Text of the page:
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Train For Your Best 5K With Just 3 Days Per Week

 

Running is a fickle pursuit. If you want to be at the front of the pack in a given five-kilometer (3.1 mile) race, conventional wisdom pushes this idea that you have to run a hard 50+ miles per week (at minimum). We’re told we need to spend hours out on the road or do countless intervals on a track to come anywhere remotely close to a podium finish. Often many become dismayed at this idea and would rather give up on any formal training plan thinking that they do not have the time or capability to place. They instead settle for a lackadaisical jog, a one-off weekend run instead of the culmination of a training cycle. So if you’ve been scouring RunSignUp’s slate of race registrations and are wondering if you’re capable of crushing your goals, we’re here to tell you that you do not need to kill yourself to PR a 5K—or even to win one—and that you can do it with just three days of running per week.

Now to start, any exercise regimen should only be done when you are healthy enough to partake and we highly advise checking with your physician prior to beginning a formal training plan. If anything hurts or feels off when running, stop and seek medical care. In addition, this three day per week schedule is meant for runners who can comfortably run at least 10 miles across three days per week to start. If you’re not quite at that level yet, worry not! If you have no running experience, try walk-running 30 minutes a day, three days per week to start and then build up to comfortably running continuously for each session.

If you are a student-athlete, elite amateur or a paid professional then this plan will not be of much service to you. But if you are someone who has a job, a family and/or other time commitments that prevent you from training at a level required of the pros but you still want to put up respectable times and maybe even take first in a local race, then this is the plan for you.

We break it down as three days per week with an off day between each running session across a ten-week training period, however, it is sustainable enough to continue through the year. Though this only has you running three times in a given week, it is imperative that you keep active on your other days as well. Want to get the blood flowing to alleviate some running aches? Go for a 30 to 45-minute walk, hike or bike ride. Do you play on a club softball or soccer team? Or do you also swim laps a few times per week? Feel free to keep those up. Want to avoid the dreaded ‘runner’s arms’? Resistance training with weights or bands (we have a great workout plan for bands right here) is a great way to counter-balance your running days. With that said, we advise taking one day off from high-intensity fitness entirely each week to let your body recover (though foam rolling / stretching, walking and yoga all make for great recovery activities).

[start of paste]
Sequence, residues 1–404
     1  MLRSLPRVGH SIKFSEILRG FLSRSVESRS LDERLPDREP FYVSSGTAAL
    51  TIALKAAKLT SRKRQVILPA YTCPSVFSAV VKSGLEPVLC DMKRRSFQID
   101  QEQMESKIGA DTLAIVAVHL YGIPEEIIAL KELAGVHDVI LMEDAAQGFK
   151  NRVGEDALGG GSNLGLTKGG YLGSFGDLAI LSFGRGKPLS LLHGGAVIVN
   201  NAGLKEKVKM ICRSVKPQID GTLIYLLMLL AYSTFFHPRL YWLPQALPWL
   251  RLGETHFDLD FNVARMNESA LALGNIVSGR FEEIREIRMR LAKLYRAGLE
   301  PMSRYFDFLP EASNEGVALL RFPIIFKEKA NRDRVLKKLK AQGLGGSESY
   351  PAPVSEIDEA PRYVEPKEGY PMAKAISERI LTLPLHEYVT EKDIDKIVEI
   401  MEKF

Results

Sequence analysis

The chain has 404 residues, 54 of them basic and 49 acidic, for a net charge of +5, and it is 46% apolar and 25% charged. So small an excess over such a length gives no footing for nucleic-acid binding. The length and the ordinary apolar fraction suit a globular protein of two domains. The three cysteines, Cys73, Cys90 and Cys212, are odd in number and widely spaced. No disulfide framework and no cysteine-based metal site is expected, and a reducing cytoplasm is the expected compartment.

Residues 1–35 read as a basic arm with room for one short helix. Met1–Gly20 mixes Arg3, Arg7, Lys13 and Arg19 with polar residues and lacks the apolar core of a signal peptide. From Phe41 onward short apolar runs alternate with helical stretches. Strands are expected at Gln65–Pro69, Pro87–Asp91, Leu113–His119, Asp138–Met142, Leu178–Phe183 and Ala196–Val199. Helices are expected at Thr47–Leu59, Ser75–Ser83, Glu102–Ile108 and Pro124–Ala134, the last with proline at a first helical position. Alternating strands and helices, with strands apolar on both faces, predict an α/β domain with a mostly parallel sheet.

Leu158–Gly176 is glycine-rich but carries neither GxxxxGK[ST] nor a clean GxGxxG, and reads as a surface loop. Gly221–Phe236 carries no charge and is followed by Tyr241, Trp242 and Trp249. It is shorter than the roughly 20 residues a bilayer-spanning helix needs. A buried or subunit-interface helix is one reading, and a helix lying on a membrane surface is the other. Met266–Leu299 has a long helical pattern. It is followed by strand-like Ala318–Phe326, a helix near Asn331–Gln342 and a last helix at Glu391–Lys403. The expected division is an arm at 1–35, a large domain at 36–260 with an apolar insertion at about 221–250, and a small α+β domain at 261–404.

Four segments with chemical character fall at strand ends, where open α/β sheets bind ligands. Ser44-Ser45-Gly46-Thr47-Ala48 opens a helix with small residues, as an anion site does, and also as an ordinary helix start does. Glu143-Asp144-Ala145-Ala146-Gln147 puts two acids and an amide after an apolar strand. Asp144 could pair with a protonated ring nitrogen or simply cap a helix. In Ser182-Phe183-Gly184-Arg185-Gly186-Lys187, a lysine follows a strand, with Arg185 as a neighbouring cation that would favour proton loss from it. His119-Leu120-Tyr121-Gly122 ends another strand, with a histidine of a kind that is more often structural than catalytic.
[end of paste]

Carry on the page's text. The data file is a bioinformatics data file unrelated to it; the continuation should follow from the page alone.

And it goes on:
Before running each day, it’s best to warm-up with a dynamic routine. There are many great, effective dynamic warm-ups available online, however, some of the best moves to look for include knee pulls, toe sweeps, side to side jumps and leg swings. Also, after each workout aim for a consistent static stretching routine that is sure to target the calves, Achilles tendons, hamstrings, quads, and glutes. The standard runner’s pose is a great place to start.

Here is a glossary of terms that will be listed below for anyone unfamiliar:

Recovery Pace: Talking pace, roughly two minutes per mile slower than target race pace. 

Natural Pace: Moderate effort but not a tempo run…as if you were “naturally” running to get from one place to another without racing.

Negative Splits: When the second half of the run is faster than the first half, or, when each successive mile is faster than the mile that preceded it.

Tempo Run: A threshold run best performed at 30 seconds slower per mile than your target race pace.

Strides: Intervals of speed at or faster than target race pace per mile. 

Hill Sprints/Repeats: “Hill” is a catchall, but any incline will do—including bridges, steep driveways, grassy embankments, etc. The key is to build power running by charging up the ascent and recovering on the descent.

 

 

Weeks 1 & 2:

Day 1:
.5 mile (800 meter) warm-up at recovery pace
3.1 mile (5K) natural pace (aim for negative splits)
.5 mile cooldown at recovery pace

 

Day 2:
1 mile (1600 meter) warm-up at recovery pace
4-6x hill sprints for longer hills, 8-12x for shorter hills (aim for at least 1 mile of distance covered on hills)
1 mile cooldown at recovery pace

 

Day 3:
4 mile long run at recovery pace

 

Week 3:

Day 1:
.5 mile warm-up at recovery pace
3.1 mile natural pace (negative splits)
4x 80 meter (or 10 second) strides (90 second recovery pace between intervals)
.5 mile cooldown at recovery pace

 

Day 2:
1 mile warm-up at recovery pace
6-8x long hill sprints or 12-16x short hill sprints (aim for 1 to 2 miles of distance covered on hills)
1 mile cooldown at recovery pace

 

Day 3:
4 mile long run at recovery pace

 

Week 4:

Day 1:
.5 mile warm-up at recovery pace
3.1 mile tempo run
.5 mile cooldown at recovery pace

 

Day 2:
1 mile warm-up at recovery pace
8x long hill sprints or 16x short hill sprints